Streams

The FDA and Food Dyes

Thursday, March 31, 2011

The FDA is holding a panel of experts to examine the alleged links between artificial food dyes and hyperactivity in children. Joining us to discuss this issue is Marion Nestle, author, blogger, and Paulette Goddard Professor in the Department of Nutrition, Food Studies, and Public Health at New York University.

Guests:

Marion Nestle

Comments [10]

Nick from NJ

My younger brother, now 40, definitly had this "ADHD" issue. My mother put us on an all natural diet back in the mid-70's and it went away in weeks. He still avoids red dyed food and snacks to this day.

Mar. 31 2011 02:24 PM
hello? is this thing on?

Intelligent people don't serve or eat food dyes. It's an IQ test, like driving drunk.

Mar. 31 2011 01:09 PM
Calls'em from Here, there & everywhere.

One of the major polls showed that over 80% of the people who voted for 0bama had food dyes that morning; while over 80% of the folks who voted for McCain had eggs & bacon. Makes one wonder, don't it?

Mar. 31 2011 11:44 AM
Em

junk fuud not had no bad efect on mi made mi strong

Mar. 31 2011 11:44 AM
Susan from Upper West Side

So nice to have Marion Nestle on again (especially knowing she married one of my professors from Cornell). I have to laugh because it just dawned on me that my son hardly ever has anything with dye other than when he buys food himself. Yet, our son is incredibly active to the point that I had to put him in Martial Arts. I thought he would finally tire him out when he did his 3 hour black belt test, but after a short rest for lunch he wanted to walk home from the east to the west side across Central Park. Nevertheless, I do know that small studies do not pick up on those individuals that really do have reactions to substances that may not affect the larger population. Thus, I consider it PLAUSIBLE that there is a connection that may not yet have been proven in a PROBABILITY study. Who needs dyes anyway?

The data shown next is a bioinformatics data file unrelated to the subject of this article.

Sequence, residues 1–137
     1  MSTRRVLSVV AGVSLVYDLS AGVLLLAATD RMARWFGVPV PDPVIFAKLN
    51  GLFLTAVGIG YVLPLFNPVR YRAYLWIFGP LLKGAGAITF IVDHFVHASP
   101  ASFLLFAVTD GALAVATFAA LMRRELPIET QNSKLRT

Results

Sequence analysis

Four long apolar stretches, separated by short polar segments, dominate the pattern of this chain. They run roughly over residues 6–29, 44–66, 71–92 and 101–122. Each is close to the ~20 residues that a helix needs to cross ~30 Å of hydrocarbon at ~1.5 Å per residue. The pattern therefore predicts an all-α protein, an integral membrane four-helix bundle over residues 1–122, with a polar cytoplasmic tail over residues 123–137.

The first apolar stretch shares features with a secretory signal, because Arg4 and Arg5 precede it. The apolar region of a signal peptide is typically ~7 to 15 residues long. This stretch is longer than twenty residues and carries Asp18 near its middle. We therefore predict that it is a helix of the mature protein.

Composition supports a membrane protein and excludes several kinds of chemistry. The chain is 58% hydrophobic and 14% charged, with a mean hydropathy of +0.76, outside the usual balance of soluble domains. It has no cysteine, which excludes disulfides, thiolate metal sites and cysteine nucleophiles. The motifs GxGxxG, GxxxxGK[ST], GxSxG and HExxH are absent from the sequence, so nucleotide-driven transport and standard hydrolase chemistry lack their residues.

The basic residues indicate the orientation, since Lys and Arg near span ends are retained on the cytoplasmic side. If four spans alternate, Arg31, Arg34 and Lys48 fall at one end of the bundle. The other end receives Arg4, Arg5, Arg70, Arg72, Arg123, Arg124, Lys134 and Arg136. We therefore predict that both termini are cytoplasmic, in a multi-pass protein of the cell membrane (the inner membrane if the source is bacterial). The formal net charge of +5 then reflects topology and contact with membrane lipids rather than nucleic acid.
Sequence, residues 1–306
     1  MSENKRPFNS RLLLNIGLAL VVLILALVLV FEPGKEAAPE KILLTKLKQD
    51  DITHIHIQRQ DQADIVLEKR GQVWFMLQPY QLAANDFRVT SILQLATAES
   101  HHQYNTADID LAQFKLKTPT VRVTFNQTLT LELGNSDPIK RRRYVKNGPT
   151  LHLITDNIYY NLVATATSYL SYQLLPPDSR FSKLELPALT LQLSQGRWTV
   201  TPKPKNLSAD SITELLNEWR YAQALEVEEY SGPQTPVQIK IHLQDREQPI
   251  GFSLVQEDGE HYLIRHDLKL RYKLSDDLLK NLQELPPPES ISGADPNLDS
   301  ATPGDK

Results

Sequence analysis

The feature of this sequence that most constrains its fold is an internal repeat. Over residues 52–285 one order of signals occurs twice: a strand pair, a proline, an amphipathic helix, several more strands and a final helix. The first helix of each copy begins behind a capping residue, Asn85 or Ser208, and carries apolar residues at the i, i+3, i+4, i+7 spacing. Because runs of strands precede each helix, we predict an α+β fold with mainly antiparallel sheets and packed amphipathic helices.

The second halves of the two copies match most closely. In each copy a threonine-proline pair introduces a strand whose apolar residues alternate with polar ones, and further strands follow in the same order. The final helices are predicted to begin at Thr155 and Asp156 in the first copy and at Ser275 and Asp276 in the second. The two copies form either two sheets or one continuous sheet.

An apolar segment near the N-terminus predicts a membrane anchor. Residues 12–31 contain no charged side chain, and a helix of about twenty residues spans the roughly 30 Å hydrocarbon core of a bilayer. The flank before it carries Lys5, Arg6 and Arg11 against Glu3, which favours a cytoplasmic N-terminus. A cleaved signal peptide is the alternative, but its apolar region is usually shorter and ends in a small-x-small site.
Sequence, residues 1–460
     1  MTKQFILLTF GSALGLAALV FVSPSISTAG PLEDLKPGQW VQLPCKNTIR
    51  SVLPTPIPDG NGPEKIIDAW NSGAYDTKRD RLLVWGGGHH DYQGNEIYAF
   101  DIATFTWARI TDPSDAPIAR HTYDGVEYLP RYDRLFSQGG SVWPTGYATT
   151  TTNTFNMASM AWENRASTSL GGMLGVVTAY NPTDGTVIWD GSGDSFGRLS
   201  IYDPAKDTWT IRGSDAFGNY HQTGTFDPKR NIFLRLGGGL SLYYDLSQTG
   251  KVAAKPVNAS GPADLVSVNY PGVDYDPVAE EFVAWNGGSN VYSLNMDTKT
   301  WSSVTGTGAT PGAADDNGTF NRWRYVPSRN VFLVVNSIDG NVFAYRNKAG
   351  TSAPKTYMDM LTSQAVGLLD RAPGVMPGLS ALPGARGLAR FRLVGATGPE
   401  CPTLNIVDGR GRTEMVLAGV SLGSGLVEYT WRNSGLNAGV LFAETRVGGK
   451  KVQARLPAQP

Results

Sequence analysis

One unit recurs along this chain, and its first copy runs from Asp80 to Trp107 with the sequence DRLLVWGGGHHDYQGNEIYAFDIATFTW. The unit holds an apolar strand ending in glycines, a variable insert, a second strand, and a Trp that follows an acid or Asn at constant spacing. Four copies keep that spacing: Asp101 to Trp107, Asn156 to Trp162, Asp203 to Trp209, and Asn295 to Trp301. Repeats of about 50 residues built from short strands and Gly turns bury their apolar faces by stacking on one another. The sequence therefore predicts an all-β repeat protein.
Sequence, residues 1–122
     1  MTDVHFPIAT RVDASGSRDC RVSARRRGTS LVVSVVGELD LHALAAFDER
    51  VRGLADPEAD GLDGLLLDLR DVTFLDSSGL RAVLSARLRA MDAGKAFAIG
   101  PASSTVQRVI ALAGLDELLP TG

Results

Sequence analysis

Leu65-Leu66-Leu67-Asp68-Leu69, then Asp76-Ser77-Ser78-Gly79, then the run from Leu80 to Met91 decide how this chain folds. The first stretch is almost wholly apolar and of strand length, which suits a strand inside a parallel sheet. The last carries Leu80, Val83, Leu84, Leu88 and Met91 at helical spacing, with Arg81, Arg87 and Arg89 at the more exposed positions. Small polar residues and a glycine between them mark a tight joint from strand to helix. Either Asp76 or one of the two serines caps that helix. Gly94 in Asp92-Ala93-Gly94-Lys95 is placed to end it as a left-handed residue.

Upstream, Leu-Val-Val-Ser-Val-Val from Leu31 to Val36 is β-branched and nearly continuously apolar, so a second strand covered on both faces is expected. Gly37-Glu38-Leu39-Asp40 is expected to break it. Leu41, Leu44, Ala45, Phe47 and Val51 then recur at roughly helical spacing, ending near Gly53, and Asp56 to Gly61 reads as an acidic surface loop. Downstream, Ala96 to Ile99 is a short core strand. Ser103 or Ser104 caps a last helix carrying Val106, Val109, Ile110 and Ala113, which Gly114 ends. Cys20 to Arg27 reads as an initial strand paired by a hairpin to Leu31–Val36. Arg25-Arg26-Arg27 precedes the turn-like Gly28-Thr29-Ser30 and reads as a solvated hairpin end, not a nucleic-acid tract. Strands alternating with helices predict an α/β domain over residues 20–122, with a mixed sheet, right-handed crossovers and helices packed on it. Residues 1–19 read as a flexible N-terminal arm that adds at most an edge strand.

Mar. 31 2011 11:39 AM
Valky from NJ

I don't necessarily think that there are direct negative effects of dyes on children, but I try to avoid them for my sons. I do not like unnecessary artificial ingredients. We like bright colors because our bodies crave bright food. However, we crave tomatoes and instead we lick red lollipops, we crave carrot and instead we eat cheetos. I don't like corn syrup either. I think food is what is good for eating. Nobody would go and buy a can of red 40 for eating, why is it on our food? It is shameful that companies like Kellog's advertise directly to children (with cartoon characters) and puts all kinds of these ingredients on their stuff.

Mar. 31 2011 11:39 AM
David from Brooklyn

The guest says that removing dyes will decrease consumer demand for junk food. Although this probably was true at the time of the focus groups demonstrating the effect, nowadays, as people care more and more about going green/organic/etc., removing dyes might actually improve sales.

Mar. 31 2011 11:37 AM
Carolyn from Manhattan

I had a similar situation from Red dye when i was a kid. I would sleepwalk and night terrors. It took a while, but my mother figured it was usually after birthday parties where i had red dye (especially the italian ice with the wooden stick).

(this was in the 80s so it may have been prior to the banning of certain red dyes).

Mar. 31 2011 11:37 AM
Steve from Rockville Centre, NY

This is just another hysteria like "autism is caused by vaccinations". And then after we spend millions on studies in order to prove there's no link, the same shrill parents will find another chemical scapegoat. What's next? ALL kids are hyperactive.

Mar. 31 2011 11:06 AM
carolita from NYC

They've been asking this question for the last 40 years, can you believe it? What's the holdup? And personally, even as a child, I couldn't stomach the idea of consuming foods that had food dyes in them (maybe I was a weird kid), because it seemed like a con anyway. Why would you eat food that has make up on? Who knows what's in it? I avoided that stuff like the plague. Anyone with any sense would. Do you really need the FDA to tell you what makes sense?

Mar. 31 2011 10:24 AM

Leave a Comment

Email addresses are required but never displayed.

Get the WNYC Morning Brief in your inbox.
We'll send you our top 5 stories every day, plus breaking news and weather.